We are in the midst of winter in the UK, but you wouldn’t know it. As of mid-January, we have barely had a frost and I can still wear my summer shoes (one of the up-sides!). I even saw daffodils – the colourful harbinger of spring – coming up yesterday, one just about to bloom its bright yellow flowers. This is not right.
But I must say it made my walk in the park a little more pleasant. More time to linger and take photos of the fading light without freezing my toes. A beautiful park it was too, especially when lit with the dramatic side lighting of an afternoon winter sun.
And more time to marvel at southern England’s brightest new resident bird, the parakeet, filling the dark, bare winter trees with their luminous green.
The refreshment available, however, left a lot to be desired. Pre-baked factory waffles wrapped in plastic, coffee drawn from a machine with the touch of a single button, ‘hot chocolate’ made with vegetable fat and emulsifiers. I don’t understand why people are still accepting this food. Both unpalatable and unhealthy it offers neither satisfaction nor nutrition.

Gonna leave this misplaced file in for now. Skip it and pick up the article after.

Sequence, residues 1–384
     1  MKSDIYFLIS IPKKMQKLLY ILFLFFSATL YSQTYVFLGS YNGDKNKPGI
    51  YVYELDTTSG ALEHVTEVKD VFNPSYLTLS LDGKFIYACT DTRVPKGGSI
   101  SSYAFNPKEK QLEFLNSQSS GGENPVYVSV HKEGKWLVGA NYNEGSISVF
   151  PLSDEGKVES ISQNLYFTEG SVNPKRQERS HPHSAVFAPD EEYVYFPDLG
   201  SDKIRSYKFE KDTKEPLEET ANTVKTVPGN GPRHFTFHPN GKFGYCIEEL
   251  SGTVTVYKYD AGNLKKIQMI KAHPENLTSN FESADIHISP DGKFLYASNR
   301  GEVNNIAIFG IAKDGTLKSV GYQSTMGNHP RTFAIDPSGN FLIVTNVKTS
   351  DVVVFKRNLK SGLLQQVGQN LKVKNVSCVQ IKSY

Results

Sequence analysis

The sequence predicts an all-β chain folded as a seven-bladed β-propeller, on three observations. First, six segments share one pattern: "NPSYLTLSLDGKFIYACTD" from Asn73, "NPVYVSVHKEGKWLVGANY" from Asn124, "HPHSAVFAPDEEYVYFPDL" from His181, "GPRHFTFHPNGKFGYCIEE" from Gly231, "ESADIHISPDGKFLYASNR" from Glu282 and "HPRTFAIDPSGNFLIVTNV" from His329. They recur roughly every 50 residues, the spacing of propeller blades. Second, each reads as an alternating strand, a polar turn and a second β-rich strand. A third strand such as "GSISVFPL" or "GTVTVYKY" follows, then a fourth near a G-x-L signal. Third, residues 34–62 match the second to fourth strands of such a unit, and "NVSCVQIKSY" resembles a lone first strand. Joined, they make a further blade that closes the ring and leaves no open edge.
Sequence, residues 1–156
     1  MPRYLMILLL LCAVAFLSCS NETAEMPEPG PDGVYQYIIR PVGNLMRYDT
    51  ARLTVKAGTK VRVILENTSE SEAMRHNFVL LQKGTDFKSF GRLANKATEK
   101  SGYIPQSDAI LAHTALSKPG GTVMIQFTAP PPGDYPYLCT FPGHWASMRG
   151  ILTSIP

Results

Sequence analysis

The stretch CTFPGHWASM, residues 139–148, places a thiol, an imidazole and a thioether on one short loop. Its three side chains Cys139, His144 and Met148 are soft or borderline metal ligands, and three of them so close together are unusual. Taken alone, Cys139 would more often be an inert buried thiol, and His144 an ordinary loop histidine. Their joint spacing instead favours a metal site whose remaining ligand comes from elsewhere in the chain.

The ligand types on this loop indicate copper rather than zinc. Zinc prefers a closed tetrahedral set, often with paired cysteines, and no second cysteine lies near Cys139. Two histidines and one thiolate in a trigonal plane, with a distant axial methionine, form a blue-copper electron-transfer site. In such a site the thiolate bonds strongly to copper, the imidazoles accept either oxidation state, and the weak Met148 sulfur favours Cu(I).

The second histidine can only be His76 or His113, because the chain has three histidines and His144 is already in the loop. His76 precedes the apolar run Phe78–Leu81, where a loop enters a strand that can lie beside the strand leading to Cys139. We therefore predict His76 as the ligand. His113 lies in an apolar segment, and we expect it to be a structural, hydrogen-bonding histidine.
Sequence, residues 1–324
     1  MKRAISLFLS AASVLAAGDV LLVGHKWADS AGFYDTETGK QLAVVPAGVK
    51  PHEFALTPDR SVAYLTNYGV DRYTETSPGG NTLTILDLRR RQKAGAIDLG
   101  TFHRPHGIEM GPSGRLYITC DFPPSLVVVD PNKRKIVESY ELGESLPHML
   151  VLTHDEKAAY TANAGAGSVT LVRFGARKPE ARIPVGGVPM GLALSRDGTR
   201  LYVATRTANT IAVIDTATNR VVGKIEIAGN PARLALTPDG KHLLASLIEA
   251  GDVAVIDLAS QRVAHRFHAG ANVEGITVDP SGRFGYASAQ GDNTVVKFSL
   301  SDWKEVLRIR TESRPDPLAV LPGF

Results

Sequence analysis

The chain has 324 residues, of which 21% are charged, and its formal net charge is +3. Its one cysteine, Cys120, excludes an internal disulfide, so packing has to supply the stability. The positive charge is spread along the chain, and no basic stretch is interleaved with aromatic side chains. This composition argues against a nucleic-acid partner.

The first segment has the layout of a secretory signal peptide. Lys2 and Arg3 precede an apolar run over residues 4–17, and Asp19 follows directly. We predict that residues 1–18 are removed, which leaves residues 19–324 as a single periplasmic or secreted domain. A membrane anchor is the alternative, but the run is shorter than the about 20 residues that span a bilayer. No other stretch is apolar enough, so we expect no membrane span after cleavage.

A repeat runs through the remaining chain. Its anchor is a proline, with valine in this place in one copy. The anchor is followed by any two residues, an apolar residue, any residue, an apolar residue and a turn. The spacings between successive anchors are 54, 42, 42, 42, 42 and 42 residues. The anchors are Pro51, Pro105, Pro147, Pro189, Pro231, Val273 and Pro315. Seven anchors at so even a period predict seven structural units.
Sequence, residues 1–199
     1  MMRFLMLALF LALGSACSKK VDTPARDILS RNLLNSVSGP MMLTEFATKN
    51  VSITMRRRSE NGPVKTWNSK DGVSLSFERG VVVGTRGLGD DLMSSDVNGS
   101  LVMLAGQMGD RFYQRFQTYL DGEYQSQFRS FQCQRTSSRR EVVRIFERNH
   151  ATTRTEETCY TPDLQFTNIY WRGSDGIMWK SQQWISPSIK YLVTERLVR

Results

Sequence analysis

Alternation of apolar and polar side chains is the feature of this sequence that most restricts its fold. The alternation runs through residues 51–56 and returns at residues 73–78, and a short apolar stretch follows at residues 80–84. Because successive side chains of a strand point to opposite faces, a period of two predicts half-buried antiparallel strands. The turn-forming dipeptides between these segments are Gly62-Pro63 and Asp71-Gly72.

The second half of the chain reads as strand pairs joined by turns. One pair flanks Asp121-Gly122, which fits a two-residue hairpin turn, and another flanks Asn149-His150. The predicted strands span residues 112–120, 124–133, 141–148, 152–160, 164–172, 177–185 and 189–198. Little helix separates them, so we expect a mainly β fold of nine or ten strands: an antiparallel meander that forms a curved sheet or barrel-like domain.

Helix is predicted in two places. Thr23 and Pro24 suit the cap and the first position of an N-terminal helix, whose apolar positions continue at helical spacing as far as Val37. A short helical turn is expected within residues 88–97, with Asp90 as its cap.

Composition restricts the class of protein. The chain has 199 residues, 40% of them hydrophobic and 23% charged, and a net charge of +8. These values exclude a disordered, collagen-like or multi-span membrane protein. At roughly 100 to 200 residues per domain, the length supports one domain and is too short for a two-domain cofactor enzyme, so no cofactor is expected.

Hot chocolate is always going to be a decadent treat, but there are real health benefits to carefully processed, high-cocoa bitter chocolate and the valuable calcium of fresh milk and cream. The horror of processed food is both what is put in and what is taken away.
This alternative hot chocolate is inspired by those I tasted in Copenhagen, when I lived there between 2004 – 2007. Here I finally understood the attraction of the drink when I was served a lump of chocolate attached to a wooden stick, steamed milk and a side helping of freshly whipped cream. It was more of a dessert than a drink, involving lots of stirring, sipping and scooping to achieve the perfect, heady, warming combination of bittersweet chocolate, frothy milk and luscious cream. Incomparable.
You can make this using the mildly more complicated chocolate-on-a-stick method described above (see tutorial here) or simply chop your chocolate fine before stirring it into hot milk.
Two ingredients, barely a recipe, but rich, creamy and redolent of chocolate, just as hot chocolate should be. A dollop of freshly whipped cream the luscious ‘icing on the cake’.
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